2nd Amendment – Shall not infringe vs well order militia

OK, here is where I make many of the supports of the second amendment mad. 

Well regulated militia vs shall not be infringed.

A well regulated Militia, being necessary to the security of a free State, the right of the people to keep and bear Arms, shall not be infringed.

For years, those 27 brief words have been the source of contentious debate — seen by some as inalienable protection against tyranny, by others as a dangerous anachronism.

Many in the 2nd amendment community focus on the ‘shall not be infringed‘ phrase in the 2nd Amendment. They use this as a blanket argument to say that any firearm law is unconstitutional.  As such, the government has no right to enforce any restriction on firearm possession.

We could get into days worth of debate over the constitutionality of firearm laws under the ‘shall not be infringed’ phrase.’ I support many of these positions.

However, while the government may not have the right, they have the power. This power will remain valid until we can get a Supreme Court with the backbone to stand up for the 2nd Amendment. For our part, we must make our voice heard. 

For this discussion, I would like to approach the constitutionality of firearm law from a different view. I want to focus on the entire 2nd Amendment. 

'A Well Regulated Militia'

What is a militia?

At the time of the American Revolutionary War, militias were groups of able-bodied men who protected their towns and colonies.  In many cases, these militias were expected to arm themselves. They were also expected to become proficient with their firearm on their own.

When the Constitution was drafted, the militia was a state-based institution. However, they were not a state-controlled entity.

In many cases, the militias owed their allegiance to their community. In other cases, a militia had a patron that provided support. Often these militias owed their allegiance to the patron. In all cases, allegiance was owed to the upper levels based upon loyalty, not mandated from the state down. 

Even today we voluntarily accept allegiance to our city, state, and nation. Were reject a mandated allegiance from the top down.

What did it mean to be well regulated?

One of the biggest challenges in interpreting a centuries-old document is that the meanings of words change or diverge.

Well-regulated in the 18th century tended to be something like well-organized, well-armed, or well-disciplined.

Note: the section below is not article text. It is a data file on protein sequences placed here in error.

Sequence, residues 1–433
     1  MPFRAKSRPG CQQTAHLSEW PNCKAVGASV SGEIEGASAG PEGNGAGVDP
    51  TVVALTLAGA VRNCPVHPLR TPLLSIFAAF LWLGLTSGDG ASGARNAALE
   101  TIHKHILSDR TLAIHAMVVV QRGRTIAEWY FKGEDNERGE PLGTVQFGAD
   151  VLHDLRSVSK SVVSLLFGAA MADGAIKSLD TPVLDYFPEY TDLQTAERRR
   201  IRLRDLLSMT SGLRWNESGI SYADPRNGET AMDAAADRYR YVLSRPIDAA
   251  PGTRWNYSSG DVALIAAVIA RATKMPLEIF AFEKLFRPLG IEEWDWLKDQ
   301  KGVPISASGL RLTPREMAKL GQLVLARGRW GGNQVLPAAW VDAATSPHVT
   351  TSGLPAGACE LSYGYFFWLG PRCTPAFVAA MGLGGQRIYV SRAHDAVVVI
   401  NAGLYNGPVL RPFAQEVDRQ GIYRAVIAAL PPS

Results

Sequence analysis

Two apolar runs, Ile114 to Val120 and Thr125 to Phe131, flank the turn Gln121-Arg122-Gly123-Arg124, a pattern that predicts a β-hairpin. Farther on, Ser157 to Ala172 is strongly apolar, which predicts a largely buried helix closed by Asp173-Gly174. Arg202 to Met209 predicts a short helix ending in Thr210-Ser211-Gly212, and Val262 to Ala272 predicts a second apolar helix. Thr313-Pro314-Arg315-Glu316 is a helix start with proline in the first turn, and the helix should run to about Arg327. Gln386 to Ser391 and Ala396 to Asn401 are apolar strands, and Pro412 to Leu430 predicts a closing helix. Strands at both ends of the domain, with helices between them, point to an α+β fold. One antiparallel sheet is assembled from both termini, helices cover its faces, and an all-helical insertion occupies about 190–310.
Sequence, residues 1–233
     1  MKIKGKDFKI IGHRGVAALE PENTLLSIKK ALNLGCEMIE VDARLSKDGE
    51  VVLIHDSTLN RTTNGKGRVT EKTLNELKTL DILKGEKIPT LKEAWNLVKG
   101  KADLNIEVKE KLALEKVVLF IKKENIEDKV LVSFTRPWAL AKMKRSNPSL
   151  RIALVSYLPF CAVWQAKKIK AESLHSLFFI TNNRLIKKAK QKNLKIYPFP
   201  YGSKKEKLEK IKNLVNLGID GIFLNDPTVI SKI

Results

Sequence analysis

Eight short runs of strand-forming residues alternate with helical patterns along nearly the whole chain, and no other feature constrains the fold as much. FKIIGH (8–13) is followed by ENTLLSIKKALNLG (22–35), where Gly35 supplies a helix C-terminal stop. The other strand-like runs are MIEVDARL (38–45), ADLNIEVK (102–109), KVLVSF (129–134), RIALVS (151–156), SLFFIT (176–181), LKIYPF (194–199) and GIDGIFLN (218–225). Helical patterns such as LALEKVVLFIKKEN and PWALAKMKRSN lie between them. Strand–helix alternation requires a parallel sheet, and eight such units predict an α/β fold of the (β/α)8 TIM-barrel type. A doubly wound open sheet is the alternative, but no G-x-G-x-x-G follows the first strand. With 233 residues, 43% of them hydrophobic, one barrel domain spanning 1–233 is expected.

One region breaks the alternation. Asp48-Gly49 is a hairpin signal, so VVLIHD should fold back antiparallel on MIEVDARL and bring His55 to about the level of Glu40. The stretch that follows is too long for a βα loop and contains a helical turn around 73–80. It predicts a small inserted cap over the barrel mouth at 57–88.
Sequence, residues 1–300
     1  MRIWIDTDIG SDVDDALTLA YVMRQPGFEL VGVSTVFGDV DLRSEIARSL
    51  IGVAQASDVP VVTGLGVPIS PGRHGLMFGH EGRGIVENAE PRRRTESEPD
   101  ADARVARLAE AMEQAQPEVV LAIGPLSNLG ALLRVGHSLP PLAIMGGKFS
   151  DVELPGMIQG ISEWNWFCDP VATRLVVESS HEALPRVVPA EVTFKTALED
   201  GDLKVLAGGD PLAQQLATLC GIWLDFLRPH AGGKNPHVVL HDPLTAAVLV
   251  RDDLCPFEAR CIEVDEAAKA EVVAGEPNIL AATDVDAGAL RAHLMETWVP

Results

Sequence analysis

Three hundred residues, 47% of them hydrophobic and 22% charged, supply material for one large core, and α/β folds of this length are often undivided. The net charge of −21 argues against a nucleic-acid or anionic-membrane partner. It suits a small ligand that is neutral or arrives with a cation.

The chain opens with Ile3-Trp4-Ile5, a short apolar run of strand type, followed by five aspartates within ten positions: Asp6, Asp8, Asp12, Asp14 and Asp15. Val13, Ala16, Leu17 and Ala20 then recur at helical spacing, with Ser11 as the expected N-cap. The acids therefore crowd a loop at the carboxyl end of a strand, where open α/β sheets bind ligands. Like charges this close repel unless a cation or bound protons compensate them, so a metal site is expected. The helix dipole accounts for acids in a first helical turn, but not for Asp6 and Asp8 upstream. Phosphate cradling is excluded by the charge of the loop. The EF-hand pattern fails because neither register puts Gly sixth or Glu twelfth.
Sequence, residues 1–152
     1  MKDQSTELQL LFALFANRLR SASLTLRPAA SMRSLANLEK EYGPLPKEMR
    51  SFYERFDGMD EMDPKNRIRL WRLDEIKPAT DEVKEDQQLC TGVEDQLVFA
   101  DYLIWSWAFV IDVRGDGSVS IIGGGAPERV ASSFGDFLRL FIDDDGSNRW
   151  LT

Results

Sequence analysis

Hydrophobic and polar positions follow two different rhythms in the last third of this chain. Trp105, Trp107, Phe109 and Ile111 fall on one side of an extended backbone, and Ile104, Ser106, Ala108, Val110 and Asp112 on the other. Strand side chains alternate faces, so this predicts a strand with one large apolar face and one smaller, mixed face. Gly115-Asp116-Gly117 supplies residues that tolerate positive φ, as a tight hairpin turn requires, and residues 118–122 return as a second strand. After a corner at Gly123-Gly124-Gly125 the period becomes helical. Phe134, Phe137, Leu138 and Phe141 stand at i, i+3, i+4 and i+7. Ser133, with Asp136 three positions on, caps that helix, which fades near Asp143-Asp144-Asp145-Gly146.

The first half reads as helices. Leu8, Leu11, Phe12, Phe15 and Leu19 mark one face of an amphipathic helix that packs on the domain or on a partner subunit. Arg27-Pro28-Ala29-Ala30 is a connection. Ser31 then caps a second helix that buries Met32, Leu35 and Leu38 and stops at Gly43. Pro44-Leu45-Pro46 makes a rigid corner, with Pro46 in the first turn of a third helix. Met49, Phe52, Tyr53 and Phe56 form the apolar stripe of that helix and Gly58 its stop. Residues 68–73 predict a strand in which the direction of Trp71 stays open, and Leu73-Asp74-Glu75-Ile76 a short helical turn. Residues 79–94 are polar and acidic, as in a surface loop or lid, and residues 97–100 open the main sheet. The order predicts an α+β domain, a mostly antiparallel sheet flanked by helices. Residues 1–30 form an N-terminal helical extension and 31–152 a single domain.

It didn’t mean ‘regulation’ in the sense that we use it today. Militias were not regulated but the state as National Guards are today.

There’s been nuance there. It means the militia was in an effective shape to fight. In other words, it didn’t mean the state was controlling the militia in a certain way, but rather that the militia was prepared to do its duty. 

'being necessary to the security'

What type of security was referred to in the 2nd Amendment?

To get to the root of this topic, consider the climate of the United States at the time. The country had just fought a war and won its independence. It was also expanding west.

There were plenty of reasons to feel unsafe. “Security” had a very palpable meaning to the population of the time. The government had an expanding country with limited resources.  The militias would be expected to protect local residents from attack and invasion.

The militias would also be expected to provide physical protection from government overreach. The idea of a state militia would also be attractive because it serves as a deterrent against national tyranny.

If government forces tried to take over land or overstep their boundaries, you would have an institution in place — the militia — that would outnumber any army.

With the size and scope of the modern United States military, and the fact that militias as we know them no longer exist, that notion is hard to imagine today. In the debate over the Second Amendment, this phrase, “a well-regulated militia,” remains one of the most cited and argued parts of the sentence. 

'of a free state'

What did a free state mean?

It may seem obvious, but the Constitution bore a lot of contemporary moralism, and not every word is well-defined.

In this case, the term is referring to ‘state’ as in one of the states of the original colonies. James Madison had the 1777 Virginia Declaration of Rights by his side when he wrote the Bill of Rights and he essentially copied and pasted language from it. Mason is talking about not only the free state of Virginia. He is also talking about a broader state of freedom.

'the right of the people'

What kind of rights?

This is another highly-contested area where it helps to know more about how the framers of the Constitution thought about complex ideas like “rights.

Today, when we think about ‘rights,’ we think of them as regulations and exemptions.